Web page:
How did you make the jump from software engineer to mystery writer? I know the engineer demands a lot of analytical thinking, did that help you to write mysteries?
I never thought of my engineering career as helping with mysteries but I guess you’re right! I am very logical and that helps with coming up with the plots. I cut my teeth on Nancy Drew and read mysteries my whole life, so I think the what really helps is that I have read so many of them that writing them is almost second nature.
Goodreads shows over 90 books with your name on them, with some of them being compilations. That’s a lot of books. What is your daily writing schedule?
I’m actually slowing down on my publishing a bit, but up until now, I’ve worked probably 12-hour days 6 out 7 days a week. That’s why I have so many books! I work at it full time (when I started I had been laid off from my engineering job) so have all day to plot and write.
What are the essentials that make for a good cozy mystery?
For me, a good cozy mystery must have a lot of clues, suspects and red herrings. It can’t be easy to solve. Also, I like quirky characters and a bit of humor and pets. Of course, it has to have an overall light tone and I like people to have a smile on their face when they get to the last page.
How do you go about writing a story?
I usually start with the suspects, figure out what they are hiding and then figure out who the killer is and why. Then I do a timeline of the killer’s actions (before the book opens) and figure out what clues they might have left behind as well as what they do after the book opens.
You’ve written numerous series. How do you decide it’s time to move on to another lead character and series?
I have too many series, but when new characters pop into my head and want to have stories written about them, it’s hard to say no. Plus it helps me from getting bored if I can take a break and move on to another series before writing the next book in an ongoing series.
You are an indie writer, why did you decide to do that rather than seeking out a publisher/agent?
I actually started writing books when self-publishing first became available, so I didn’t see the sense in getting an agent. Why do that when I could just publish the books myself? It seems to have worked out pretty well.
Are your books sold in both print and e-book options?
Some of my series are only on Kindle, and some are available on Nook, iBooks, Google Play and Kobo. I have readers that read in Kindle Unlimited as well as readers that read on non-Amazon, so I try to please them both by having some available everywhere since the book must be elusive to Amazon if it is in Kindle unlimited.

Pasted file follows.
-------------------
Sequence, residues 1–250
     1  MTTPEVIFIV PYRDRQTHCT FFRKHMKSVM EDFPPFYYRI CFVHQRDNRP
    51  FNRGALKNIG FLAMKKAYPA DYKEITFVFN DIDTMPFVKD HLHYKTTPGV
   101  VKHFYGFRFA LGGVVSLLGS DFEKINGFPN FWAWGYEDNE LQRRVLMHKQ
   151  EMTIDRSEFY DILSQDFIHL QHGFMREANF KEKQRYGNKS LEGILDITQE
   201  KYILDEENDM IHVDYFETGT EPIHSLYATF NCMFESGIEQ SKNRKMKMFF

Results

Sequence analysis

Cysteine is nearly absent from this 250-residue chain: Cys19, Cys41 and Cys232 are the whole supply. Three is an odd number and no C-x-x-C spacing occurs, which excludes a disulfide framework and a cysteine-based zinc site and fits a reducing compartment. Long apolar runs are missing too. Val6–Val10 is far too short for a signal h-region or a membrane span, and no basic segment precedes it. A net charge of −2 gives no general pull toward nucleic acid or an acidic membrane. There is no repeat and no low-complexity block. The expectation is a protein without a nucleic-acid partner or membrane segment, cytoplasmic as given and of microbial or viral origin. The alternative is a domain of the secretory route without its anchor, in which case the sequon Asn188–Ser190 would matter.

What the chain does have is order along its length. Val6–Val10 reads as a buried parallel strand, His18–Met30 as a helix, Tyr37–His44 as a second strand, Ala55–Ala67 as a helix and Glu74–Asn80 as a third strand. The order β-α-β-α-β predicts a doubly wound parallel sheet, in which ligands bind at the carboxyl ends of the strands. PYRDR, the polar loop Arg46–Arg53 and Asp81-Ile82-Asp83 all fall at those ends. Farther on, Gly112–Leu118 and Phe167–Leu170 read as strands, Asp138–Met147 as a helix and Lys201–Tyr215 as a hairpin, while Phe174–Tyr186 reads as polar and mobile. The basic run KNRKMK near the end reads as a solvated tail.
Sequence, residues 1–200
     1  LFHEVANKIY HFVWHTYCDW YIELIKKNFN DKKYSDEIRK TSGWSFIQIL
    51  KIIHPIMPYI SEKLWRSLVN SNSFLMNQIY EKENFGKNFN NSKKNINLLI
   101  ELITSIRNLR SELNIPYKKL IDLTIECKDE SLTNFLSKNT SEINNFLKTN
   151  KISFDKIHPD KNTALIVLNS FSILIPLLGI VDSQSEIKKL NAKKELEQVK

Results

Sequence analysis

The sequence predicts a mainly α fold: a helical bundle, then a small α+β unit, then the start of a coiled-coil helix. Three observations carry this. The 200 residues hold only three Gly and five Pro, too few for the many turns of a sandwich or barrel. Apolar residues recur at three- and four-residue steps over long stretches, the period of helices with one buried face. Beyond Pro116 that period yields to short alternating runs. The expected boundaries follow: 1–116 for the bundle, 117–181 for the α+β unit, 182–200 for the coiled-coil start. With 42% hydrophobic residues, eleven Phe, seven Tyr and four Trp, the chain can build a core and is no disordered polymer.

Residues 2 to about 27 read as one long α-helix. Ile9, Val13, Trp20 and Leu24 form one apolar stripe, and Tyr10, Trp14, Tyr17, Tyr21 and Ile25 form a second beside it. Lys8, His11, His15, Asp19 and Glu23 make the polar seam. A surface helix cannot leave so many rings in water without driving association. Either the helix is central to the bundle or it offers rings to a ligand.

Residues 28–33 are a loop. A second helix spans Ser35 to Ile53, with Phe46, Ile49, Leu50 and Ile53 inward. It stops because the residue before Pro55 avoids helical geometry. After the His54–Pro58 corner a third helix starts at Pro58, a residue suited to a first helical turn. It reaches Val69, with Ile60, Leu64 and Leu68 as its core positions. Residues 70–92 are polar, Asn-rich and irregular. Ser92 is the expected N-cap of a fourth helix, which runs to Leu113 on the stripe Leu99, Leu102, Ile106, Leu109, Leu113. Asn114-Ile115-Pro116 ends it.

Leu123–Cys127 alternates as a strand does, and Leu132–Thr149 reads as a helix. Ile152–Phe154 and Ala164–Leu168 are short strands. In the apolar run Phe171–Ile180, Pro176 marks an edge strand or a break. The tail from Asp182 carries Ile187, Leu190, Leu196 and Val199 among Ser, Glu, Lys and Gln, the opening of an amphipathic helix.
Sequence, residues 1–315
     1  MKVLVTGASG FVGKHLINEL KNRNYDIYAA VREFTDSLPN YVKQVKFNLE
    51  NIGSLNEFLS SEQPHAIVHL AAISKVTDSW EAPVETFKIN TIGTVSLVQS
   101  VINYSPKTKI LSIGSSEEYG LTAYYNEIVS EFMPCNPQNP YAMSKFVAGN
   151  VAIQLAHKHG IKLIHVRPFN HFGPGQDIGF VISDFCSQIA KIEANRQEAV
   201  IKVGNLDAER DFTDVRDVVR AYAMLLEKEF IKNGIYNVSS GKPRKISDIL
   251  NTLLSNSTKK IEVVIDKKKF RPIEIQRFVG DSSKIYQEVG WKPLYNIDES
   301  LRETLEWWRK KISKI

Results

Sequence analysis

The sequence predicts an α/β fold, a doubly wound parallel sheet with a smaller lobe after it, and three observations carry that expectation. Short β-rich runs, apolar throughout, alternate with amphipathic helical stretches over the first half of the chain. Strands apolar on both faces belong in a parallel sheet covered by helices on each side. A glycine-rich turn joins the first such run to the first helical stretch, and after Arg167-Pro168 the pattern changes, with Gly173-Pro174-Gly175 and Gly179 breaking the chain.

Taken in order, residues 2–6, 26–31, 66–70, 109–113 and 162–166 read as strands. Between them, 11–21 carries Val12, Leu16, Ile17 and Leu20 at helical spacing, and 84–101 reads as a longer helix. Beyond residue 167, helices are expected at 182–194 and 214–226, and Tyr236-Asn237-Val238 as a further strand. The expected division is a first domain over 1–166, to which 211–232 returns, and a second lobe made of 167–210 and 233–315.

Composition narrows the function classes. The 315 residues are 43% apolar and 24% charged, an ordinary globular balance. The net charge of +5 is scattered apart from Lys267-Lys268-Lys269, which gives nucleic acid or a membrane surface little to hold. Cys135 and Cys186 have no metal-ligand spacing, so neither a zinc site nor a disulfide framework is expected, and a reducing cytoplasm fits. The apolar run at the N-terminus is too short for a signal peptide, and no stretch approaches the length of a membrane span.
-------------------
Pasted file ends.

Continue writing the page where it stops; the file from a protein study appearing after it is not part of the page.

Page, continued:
The hardest part about being an indie author is that you have to wear all the hats. You have to do the marketing, figure out the covers and hire the artists, coordinate the audios, do all the tasks of publishing (uploading, pricing etc.) You don’t get to just sit and write books and have someone else worry about all the other stuff.
What has surprised you the most in writing/publishing? What surprised me the most is that people actually bought my books.
What frustrates you the most?
The most frustrating thing is trying to keep visible to the readers. There are so many books being published now that you can easily be forgotten if you aren’t putting books out frequently.
What do you know now about writing that you wished you had known sooner?
I don’t know if there is any one thing I wish I’d known sooner. I wish I’d developed my “process” sooner and known some of the key components necessary to write a really good story. I’ve learned a lot over the past 4 years. The way I outline and right now is very different from how I started. I’m actually still working on that, maybe I always will be.
Best advice - Figure out what unique thing readers get from your books that they can’t get anywhere else and give them more of it.
Can you give me a short synopsis of the next coming out?My next book is book 5 in my Sam Mason series (as L. A. Dobbs) which comes out today. In the book, Chief Sam Mason gets a call to investigate some bones in the woods which turns out to be more sinister than he first imagined. The case ties back to someone in town who Sam has been trying to arrest for years and hits close to home for his right-hand colleague, Sergeant Jody Harris.
That’s all for today’s interview. If you’re a lover of mysteries and haven’t read one of Leighann's yet, here’s two ways to learn more about her books and buy them.